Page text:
That’s fair. You didn’t know or understand much about depression.

Depression can get better. Just like an obese person can be “robbed” of years of physical healthy living if they don’t lose weight, if they don’t get better, if they don’t seek to get physically healthy, the same goes for mental health. A person with depression can get mentally healthy in time, but like obesity it isn’t easy and it doesn’t happen in a week or two. People can be “robbed” of years of being mentally healthy if they don’t do what it takes.

I don’t like the term “robbed” as this denotes a person is a victim, that they don’t play an active role in being mentally healthy.

Obesity = physical health = easy to observe.
Depression = mental health = not easy to observe

It is not a purely equal comparison, but I encourage you to think about mental health similar to physical health.

Granted, I am oversimplifying a complex subject, but you seem to think a mentally unhealthy person is some victim in need of rescue. Fair enough, if you want to help the mentally unhealthy you become a therapist, you don’t start a family with them.

***
I can hardly wait for the haters, lol. Someone will trip over this response one day and cry that depression is nothing like obesity.
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#20

Postby Candid » Wed Jun 05, 2019 7:41 am

DavidB wrote:But just to clarify. You are basically saying that having a relationship with a depressed person is a No Go and that you basically need to cut a person off as soon as a diagnos is mentioned?


Richard says yes, I say not necessarily. But the second line of your first post says "she cancelled dates in the very last minute a few times".

So I say that very soon after you two got together, she thought it was okay to drop you the minute she got a better offer.

Your ensuing posts were full of 'doormat' thoughts and actions.

I gave it a couple of days and then texted her saying " Im thinking about you"
She barely responded when I texted. And I only sent her encouraging texts.
I gave it time. Tried to show myself available. I tried to keep in touch with her as normal.
I asked her how I can be there for her. That I care. That she shouldn't push me away and instead talk to me about what she needs. She needed time, i gave it to her.
She snapped at me over text and then went silent again
i explained that I want to be there for her
I told her that I dont care about the mood swings, that it is okey for her to cancel dates. That it is perfectly fine if she doesn't wanna go out and be amongst people and that I am there for her whenever she needs me and that I truly want to continue our relationship no matter her depression. I told her that it is okey if she doesn't always have the strength to give. I told her I could be the giver...
I told her how beautiful she was, strong and that she is a fighter, that I want to be there for her in whatever way I can.
she responded in the most brutal way. She blamed me for things I didn't even know about. Saying I've hurt her.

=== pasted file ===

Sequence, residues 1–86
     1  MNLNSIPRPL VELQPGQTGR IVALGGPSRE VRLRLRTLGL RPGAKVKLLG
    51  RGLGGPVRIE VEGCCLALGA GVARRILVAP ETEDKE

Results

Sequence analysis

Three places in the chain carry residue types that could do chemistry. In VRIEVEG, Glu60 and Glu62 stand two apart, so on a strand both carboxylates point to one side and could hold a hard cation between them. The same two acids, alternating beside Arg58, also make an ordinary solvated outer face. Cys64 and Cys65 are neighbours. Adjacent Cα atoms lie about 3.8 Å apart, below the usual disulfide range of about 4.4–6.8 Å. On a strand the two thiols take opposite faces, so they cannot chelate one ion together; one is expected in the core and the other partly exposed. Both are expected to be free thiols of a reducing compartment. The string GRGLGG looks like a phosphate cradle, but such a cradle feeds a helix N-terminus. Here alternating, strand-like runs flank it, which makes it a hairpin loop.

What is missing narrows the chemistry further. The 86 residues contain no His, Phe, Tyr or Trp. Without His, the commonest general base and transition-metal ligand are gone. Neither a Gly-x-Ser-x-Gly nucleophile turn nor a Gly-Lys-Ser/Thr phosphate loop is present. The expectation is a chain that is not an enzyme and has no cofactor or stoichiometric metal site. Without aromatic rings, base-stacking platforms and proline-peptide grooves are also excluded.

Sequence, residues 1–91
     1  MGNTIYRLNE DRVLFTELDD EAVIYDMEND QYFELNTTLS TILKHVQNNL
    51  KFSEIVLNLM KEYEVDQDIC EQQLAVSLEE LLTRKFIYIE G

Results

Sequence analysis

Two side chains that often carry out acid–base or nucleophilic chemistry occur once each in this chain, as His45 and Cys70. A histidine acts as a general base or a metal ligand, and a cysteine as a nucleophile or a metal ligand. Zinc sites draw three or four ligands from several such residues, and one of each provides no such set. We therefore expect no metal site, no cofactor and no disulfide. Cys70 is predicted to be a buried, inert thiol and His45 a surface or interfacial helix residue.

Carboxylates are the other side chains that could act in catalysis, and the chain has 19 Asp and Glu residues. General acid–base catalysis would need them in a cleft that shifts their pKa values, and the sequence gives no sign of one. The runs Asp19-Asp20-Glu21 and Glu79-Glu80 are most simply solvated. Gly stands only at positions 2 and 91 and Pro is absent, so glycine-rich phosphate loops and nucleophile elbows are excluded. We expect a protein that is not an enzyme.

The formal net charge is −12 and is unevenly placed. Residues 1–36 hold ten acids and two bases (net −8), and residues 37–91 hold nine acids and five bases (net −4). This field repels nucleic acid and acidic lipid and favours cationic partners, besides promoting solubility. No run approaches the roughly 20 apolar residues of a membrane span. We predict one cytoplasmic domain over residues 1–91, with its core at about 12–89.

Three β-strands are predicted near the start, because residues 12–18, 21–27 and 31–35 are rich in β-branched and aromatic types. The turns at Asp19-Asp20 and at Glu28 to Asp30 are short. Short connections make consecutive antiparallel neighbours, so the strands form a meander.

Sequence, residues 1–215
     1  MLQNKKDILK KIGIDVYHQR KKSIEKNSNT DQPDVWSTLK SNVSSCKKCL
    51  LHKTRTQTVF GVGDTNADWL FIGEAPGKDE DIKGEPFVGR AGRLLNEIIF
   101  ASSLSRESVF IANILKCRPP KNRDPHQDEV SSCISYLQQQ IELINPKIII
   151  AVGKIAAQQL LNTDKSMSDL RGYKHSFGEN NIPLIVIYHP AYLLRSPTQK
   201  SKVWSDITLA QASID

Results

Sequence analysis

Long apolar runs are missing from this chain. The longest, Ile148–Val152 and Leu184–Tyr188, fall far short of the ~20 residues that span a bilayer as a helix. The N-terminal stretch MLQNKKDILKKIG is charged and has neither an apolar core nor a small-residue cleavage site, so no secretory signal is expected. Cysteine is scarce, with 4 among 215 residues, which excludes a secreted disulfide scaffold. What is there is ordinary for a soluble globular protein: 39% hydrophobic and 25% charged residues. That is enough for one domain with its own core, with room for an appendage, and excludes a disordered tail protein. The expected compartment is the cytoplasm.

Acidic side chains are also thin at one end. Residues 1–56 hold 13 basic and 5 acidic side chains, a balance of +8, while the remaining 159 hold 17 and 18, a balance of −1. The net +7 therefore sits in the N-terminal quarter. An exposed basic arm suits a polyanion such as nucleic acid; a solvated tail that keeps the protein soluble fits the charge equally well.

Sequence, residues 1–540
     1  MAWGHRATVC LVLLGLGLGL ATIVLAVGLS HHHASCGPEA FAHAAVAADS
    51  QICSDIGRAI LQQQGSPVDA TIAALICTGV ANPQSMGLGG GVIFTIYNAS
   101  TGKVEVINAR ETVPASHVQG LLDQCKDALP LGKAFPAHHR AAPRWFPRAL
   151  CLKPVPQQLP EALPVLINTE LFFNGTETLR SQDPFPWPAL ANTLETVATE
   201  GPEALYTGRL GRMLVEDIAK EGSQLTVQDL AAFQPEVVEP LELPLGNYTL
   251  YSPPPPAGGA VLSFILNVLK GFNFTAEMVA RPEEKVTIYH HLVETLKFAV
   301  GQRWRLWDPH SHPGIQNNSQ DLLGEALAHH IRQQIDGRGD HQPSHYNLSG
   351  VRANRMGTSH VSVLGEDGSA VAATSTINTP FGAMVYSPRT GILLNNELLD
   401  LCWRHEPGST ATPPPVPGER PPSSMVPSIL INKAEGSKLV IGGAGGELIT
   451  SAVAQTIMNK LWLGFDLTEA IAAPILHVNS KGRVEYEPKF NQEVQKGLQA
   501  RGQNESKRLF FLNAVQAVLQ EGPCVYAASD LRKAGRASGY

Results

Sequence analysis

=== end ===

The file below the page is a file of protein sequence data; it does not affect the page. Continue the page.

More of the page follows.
I sent a response saying I was in genuin chock and hurt and felt mistreated. Knowing I've done everything to be there for her. Still I apologized If i had in any way hurt her feelings.


All that's from your first post. Need I go on?

Here's a tip: women want strong men, not men who are practically begging to be kicked in the teeth.

Had you not done all the above, had you said the first time she cancelled at the last minute: "Okay. Give me a call if you feel like getting a coffee some time" and then gone completely silent and got on with other things, she may or may not have lifted her game.

There's a wise saying: We teach people how to treat us.

You taught her that no matter how casually she treated you, you would still "be there for her" with apologies and grovelling.

Date single mothers, smokers, and people with diagnosable mental illnesses if you want to, but the first time one of them treats you casually, go silent. Walk away. Start looking for someone else. You'll do a whole lot better in the dating game.
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#21

Postby DavidB » Wed Jun 05, 2019 12:28 pm

Candid Thank you!

When she did cancel dates, just to be clear on what happened.
It was according to her, because of her anxiety, and that she felt really bad. Usually referring to a black clay on her chest and that she just needed to be alone, she also suggested other days instad and we spent those very nights talking through texts instead.
The situation was complexed.
I didn't really care about the cancelled dates in the beginning. And after the first date we went on, she became at ease and the cancelling stopped.

But you are totally right. I agree with you and I realize now that I should have left earlier. As I said earlier, my misstake was not knowing about the condition and therefore accepting behavior that should not be accepted. You have been very helpful in this mess, both you and Richard.

Thank you.